Click here to test your knowledge about the earth’s oceans

With the rapid advance of climate change and pollution, coral reef health is in decline globally. Scientists work against the clock to optimize reef preservation efforts and prevent further degradation and bleaching.

SAS is working with the Healthy Reefs for Healthy People (HR4HP) Initiative to use data collected by scores of regional partners over the last 14 years to educate the global community on how they can help protect and improve the health of the Mesoamerican Reef (MAR).

Globally recognized as a hotspot of marine biodiversity, the MAR stretches 625 miles along the coast of Honduras, Guatemala, Belize and Mexico. It is home to the largest barrier reef in the Western Hemisphere. Over 2 million people depend on the MAR for their livelihoods while countless others obtain food, medicine and protection from storms and rising sea levels. HR4HP is working to protect that important ecosystem.

coral reefs

Want to dive deeper? Learn about and explore the Mesoamerican Reef through interactive data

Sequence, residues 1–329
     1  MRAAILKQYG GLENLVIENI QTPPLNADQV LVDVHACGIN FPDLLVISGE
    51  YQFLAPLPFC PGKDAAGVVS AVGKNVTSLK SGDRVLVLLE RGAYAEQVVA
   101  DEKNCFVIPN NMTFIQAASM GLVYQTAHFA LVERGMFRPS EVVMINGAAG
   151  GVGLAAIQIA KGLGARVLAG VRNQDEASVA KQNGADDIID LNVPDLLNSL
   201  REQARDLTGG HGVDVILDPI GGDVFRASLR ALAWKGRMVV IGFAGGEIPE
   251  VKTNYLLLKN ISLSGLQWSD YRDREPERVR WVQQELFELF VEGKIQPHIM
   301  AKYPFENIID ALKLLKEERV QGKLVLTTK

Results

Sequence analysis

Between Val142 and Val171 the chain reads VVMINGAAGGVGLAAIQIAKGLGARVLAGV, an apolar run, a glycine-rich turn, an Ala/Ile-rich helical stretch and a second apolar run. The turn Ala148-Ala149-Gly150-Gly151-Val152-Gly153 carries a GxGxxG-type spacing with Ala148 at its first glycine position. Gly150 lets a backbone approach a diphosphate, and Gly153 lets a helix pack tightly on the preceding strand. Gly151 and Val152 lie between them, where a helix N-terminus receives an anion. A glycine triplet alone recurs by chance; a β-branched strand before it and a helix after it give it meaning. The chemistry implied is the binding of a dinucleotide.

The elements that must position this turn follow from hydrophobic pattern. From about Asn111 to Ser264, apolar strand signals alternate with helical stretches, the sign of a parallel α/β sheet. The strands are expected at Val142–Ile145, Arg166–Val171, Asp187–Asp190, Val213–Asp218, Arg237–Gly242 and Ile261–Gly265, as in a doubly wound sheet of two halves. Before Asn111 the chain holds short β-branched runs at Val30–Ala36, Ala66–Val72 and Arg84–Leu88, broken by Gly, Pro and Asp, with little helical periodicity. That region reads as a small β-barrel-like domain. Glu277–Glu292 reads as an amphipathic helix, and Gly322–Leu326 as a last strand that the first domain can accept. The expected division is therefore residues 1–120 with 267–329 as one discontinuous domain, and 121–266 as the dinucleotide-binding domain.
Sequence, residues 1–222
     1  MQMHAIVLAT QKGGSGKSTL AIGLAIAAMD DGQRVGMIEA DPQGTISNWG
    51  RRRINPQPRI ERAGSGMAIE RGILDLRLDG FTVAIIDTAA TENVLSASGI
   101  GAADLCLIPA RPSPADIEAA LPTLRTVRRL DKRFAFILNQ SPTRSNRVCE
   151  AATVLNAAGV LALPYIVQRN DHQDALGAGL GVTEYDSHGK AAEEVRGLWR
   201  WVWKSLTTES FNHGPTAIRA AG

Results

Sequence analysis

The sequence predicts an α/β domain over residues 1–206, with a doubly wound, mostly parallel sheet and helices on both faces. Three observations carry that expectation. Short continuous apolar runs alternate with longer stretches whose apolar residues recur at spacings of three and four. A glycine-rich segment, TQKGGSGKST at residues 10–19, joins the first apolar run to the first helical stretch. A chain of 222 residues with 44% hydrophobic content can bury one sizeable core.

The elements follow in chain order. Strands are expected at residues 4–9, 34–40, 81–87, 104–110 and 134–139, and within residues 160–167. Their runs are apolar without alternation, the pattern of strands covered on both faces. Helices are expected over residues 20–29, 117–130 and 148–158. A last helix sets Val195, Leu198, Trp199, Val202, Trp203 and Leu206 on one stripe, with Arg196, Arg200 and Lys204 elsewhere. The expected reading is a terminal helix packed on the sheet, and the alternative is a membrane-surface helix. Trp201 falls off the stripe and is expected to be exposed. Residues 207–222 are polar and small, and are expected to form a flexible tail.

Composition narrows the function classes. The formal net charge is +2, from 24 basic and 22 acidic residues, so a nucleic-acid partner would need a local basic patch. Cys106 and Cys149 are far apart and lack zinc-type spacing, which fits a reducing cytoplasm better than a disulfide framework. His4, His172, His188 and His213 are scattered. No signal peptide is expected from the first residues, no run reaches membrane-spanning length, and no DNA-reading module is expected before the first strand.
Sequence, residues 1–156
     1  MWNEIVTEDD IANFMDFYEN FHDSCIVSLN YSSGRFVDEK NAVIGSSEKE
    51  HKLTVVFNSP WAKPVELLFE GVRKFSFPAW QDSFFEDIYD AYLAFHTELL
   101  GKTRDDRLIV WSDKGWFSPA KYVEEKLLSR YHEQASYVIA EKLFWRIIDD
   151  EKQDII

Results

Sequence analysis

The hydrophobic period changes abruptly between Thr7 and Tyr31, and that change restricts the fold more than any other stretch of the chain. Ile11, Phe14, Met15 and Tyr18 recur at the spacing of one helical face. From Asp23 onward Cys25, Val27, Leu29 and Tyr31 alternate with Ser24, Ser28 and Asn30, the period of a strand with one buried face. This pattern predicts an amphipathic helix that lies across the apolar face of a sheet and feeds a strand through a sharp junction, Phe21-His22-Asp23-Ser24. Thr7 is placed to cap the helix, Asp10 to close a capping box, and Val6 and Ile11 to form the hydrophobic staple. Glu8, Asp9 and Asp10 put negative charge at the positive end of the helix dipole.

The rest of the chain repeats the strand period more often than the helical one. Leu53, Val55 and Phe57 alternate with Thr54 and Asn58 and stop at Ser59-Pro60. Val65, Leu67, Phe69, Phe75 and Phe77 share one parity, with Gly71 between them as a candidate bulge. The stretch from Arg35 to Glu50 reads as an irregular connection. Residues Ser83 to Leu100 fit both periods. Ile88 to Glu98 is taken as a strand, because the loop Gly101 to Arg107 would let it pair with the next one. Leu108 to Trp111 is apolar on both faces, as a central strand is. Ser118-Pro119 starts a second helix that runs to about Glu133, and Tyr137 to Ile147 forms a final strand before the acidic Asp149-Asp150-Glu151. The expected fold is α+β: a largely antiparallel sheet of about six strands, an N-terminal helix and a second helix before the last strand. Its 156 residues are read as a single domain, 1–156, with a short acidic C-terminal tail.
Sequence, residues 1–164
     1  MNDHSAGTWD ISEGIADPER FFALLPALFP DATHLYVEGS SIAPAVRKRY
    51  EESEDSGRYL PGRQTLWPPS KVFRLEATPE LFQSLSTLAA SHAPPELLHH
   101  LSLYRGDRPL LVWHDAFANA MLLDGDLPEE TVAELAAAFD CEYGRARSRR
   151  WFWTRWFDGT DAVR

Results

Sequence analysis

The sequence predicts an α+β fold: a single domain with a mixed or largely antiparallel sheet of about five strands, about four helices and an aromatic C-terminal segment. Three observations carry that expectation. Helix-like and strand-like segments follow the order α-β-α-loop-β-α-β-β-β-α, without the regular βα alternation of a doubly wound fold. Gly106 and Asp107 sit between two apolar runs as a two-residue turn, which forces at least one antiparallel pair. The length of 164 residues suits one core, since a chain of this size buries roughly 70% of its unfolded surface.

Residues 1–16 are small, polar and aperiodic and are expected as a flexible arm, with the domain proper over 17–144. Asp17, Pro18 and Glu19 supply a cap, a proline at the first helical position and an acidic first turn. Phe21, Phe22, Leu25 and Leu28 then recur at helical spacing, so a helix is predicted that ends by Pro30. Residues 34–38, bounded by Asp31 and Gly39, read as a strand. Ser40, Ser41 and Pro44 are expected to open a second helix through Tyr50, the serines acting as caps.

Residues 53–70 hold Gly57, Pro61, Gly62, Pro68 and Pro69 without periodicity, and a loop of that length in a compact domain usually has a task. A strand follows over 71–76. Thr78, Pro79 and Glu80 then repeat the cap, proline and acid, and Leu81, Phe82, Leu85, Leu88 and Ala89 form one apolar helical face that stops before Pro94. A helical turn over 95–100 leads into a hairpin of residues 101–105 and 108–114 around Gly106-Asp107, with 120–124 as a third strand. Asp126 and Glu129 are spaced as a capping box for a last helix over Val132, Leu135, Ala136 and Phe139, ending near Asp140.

HR4HP features its EcoAudit and Report Cards in Gather IQ™ a free app where users can engage with the United Nations Sustainable Development Goals to “help make the world a better place by 2030.”

Learn about The United Nations Global Goals for sustainable development

More ways you can improve sustainability efforts

Sustainable workplace practices that connect analytics and advocacy can create a more sustainable future. Consider these social innovations and environmental projects aimed at global climate impact.

Climate risk: Building resiliency in risk management
Having the proper data, processes, governance, policies, models, and infrastructure in place will ensure the financial system's stability from climate risks. Here's where SAS comes in. 

The business risks of climate change: Where technology and nature meet
Naeem Siddiqi, Senior Advisor for Risk Research and Quantitative Solutions at SAS, says all businesses need to pay attention to climate risks. See why this is so important. 

New opportunities for sustainability in agriculture and packaged goods
Applying analytics and driving innovation via digital transformation in agriculture and consumer packaged goods presents options for sustainable improvements in the air, soil and water. Explore how. 

Read more about our corporate social responsibility initiatives and our commitment to people and the planet


About Author

Caslee Sims

I'm Caslee Sims, writer and editor for SAS Blogs. I gravitate toward spaces of creativity, collaboration and community. Whether it be in front of the camera, producing stories, writing them, sharing or retweeting them, I enjoy the art of storytelling. I share interests in sports, tech, music, pop culture among others.

Comments are closed.

Back to Top